The flame retardancies of polyethylene terephthalate (PET) placques containing the compound prepared in Example 1 were determined by measuring the Limiting Oxygen Index (L01) of the plaques.
The plaques were first prepared as follows:
One brass plate (6 inches X 6 inches chrome plated) is placed on the bottom (chrome side up), a 6 inches X 6 inches X A inch spacer l/32 inch stainless steel) is placed on a 6- /2 inches X 6- /2 inches sheet of aluminum foil and the edges are folded over and pressed into place. This is then placed on the brass plate. A 6 gram, l-mesh screened sample of ground polymer (containing the flame-retardant additive) is spread evenly on the foil in the S-Vz inches X 5- /2 inches square framed by the spacer. A glass fiber fabric (5- /2 inches X 5- /2 inches) is placed over the polymer. A second 6 gram portion of the polymer-additive composition is spread evenly over the fiberglass fabric. A 6 inches X 6 inches sheet of aluminum foil is placed over the polymer and a second chrome plated brass plate is put on top (chrome side in). The mold assembly is placed in a hydraulic press previously heated to 275C, the plates are closed gentaly to allow melting (about 3 minutes), and then the pressure is increased rapidly to 10,000-1 2,000 lbs. After 1 minute the pressure is released and the mold quenched in a cold water bath. The foil is removed and the composite cut out. The 5-% inches square plastic composite of PET resin and glass fabric is cut into 3 /2 inches X inch strips which are dried at C for 1 hour.
The LOl test is made by supporting the 3-% inches X [2 inch sample strip in a U-shaped frame which is mounted in a cylindrical open chamber. Controlled mixtures of oxygen and nitrogen gases are admitted into the base of the chamber and allowed to displace the normal atmosphere. When an equilibrium atmosphere in the chamber is obtained, the sample is ignited with a butane gas flame by contacting the flame with the top edge of the sample. If the sample fails to ignite, the oxygen ratio of the atmosphere is increased to a level where the flame will just propagate. Conversely, if the sample strip ignites and the flame propagates, the oxygen ratio of the atmosphere is reduced to a level where flame propagation is virtually zero. The LOl is the minimum percentage concentration of the oxygen atmosphere in which the test sample will ignite and permit flame propagation.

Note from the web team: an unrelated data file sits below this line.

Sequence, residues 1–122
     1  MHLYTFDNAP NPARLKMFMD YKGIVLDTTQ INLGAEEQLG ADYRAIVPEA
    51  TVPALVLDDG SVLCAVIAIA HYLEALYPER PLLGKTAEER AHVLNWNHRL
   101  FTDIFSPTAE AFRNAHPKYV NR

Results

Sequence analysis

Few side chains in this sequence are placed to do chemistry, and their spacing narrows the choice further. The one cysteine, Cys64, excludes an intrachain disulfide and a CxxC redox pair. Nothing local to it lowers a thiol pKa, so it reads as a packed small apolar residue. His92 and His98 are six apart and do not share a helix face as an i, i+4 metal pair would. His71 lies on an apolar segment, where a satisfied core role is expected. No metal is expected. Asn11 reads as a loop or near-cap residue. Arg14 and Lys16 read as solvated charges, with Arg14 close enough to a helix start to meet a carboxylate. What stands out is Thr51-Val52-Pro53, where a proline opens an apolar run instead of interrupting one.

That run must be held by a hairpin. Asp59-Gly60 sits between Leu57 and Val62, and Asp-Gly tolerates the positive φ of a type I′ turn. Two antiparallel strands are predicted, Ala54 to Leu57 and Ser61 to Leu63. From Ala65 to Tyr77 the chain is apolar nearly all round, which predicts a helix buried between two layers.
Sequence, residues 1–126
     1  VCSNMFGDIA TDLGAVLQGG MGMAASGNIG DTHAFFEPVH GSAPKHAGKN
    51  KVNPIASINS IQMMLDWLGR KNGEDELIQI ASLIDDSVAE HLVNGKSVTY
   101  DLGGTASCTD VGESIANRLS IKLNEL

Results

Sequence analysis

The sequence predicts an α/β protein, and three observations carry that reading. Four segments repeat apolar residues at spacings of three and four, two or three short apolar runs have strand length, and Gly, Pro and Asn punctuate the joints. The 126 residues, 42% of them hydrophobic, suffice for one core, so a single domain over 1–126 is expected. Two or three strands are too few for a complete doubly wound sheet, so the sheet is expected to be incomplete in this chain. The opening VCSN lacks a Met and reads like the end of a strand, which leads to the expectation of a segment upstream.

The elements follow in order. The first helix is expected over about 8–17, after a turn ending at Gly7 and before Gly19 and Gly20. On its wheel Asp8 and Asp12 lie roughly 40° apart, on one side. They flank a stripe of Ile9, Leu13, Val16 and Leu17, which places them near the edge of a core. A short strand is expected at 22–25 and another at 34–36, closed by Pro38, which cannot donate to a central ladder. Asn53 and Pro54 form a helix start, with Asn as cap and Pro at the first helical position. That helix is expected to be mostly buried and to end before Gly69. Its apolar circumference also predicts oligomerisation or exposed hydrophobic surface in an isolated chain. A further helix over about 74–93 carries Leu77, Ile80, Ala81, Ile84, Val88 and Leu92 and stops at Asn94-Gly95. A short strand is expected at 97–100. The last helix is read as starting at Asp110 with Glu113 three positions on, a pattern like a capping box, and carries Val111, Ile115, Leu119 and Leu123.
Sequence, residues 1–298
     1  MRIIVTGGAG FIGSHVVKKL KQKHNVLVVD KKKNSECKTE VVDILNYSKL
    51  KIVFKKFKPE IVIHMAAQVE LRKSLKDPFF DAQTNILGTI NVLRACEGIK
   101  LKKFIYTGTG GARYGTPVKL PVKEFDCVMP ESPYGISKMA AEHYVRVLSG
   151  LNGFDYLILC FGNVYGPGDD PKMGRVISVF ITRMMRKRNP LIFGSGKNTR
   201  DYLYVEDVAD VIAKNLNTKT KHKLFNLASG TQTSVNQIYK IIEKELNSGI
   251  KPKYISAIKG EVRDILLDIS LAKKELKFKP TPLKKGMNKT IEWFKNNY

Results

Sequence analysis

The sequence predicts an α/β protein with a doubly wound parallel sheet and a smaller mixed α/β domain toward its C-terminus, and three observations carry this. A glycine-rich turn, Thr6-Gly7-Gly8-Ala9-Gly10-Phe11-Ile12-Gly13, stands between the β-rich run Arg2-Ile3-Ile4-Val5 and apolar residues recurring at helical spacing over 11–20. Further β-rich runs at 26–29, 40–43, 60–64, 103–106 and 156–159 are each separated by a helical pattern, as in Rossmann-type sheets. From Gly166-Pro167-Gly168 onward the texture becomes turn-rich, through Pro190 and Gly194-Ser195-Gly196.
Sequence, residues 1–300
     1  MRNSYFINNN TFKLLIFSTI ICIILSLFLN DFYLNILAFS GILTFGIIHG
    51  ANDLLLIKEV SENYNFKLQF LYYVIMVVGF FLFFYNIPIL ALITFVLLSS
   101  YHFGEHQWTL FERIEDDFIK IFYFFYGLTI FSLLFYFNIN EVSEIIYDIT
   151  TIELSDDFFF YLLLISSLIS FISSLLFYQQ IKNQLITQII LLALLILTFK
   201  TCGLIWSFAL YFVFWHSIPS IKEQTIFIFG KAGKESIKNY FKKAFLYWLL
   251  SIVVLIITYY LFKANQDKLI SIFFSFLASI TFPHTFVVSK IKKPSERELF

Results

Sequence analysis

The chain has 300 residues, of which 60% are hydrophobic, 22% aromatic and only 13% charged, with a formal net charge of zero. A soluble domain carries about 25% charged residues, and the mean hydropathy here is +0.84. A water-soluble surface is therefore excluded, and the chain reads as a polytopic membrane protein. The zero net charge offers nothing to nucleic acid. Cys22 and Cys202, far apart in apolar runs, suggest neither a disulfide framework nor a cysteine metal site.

The L0! test was introduced in 1966 (Fen nimore et a], Modern Plastics, 43, 141 (1966) and is the basis for ASTM-D-2863-70. The apparatus used was the Oxygen Index Flammability Tester (Model .lDl4) manufactured by MKM Machine Tool Co., Inc.
The LOl results for PET plaques containing various amounts of the additive prepared in Example 1 are set forth in the table below:
Table l Flammability Data Additive of Sample Example 1 L01 1 None 21.0 2* l 1.7% 29.0 3* l 1.7% 29.5
In sample 2 the polyester and additive were physically ground together before preparing the plaque; in sample 3, the polyester was mix-melted with the additive before making the plaque, which demonstrates the compatibility of the materials.
EXAMPLE III 6 phthalate.
5. A fiber formed from the composition of claim 1. 6. A film formed from the composition of claim 1. 7. A molded article formed from the composition of claim 1.
8. The composition of claim 4 in the form of a fiber.
|Cited Patent||Filing date||Publication date||Applicant||Title|
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|U.S. Classification||524/120, 264/211|
|Apr 15, 1981||AS||Assignment|
Owner name: KELLOGG CREDIT CORPORATION A DE CORP.
Free format text: AGREEMENT WHEREBY SAID HELLER AND RAYONIER RELEASES ALL MORTGAGES AND SECURITY INTERESTS HELD BY AVTEX ON APRIL 28, 1978, AND JAN. 11, 1979, RESPECTIVELY AND ASSIGNS ITS ENTIRE INTEREST IN SAID MORT-AGAGE AGREEMENT TO ASSIGNEE;ASSIGNORS:WALTER E. HELLER & COMPANY, INC. A NY CORP.;ITT RAYONIER INCORPORATED, A DE CORP.;AVTEX FIBERS INC., A NY CORP.;REEL/FRAME:003959/0350
Effective date: 19800326
Owner name: WALTER E. HELLER & COMPANY, INC., A CORP. OF DEL.
Free format text: AGREEMENT WHEREBY AETNA RELEASES AVTEX FROM ALL MORTAGES AND SECURITY INTERESTS IN SAID INVENTIONS AS OF JANUARY 11,1979, AND ASSIGNS TO ASSIGNEE THE ENTIRE INTEREST IN SAID MORTAGE AGREEMENT TO ASSIGNEE;ASSIGNORS:AETNA BUSINESS CREDIT, INC., A CORP. OF N.Y.;AVTEX FIBERS, INC, A CORP. OF NY;KELLOGG CREDIT CORP., A CORP. OF DEL.;REEL/FRAME:003959/0250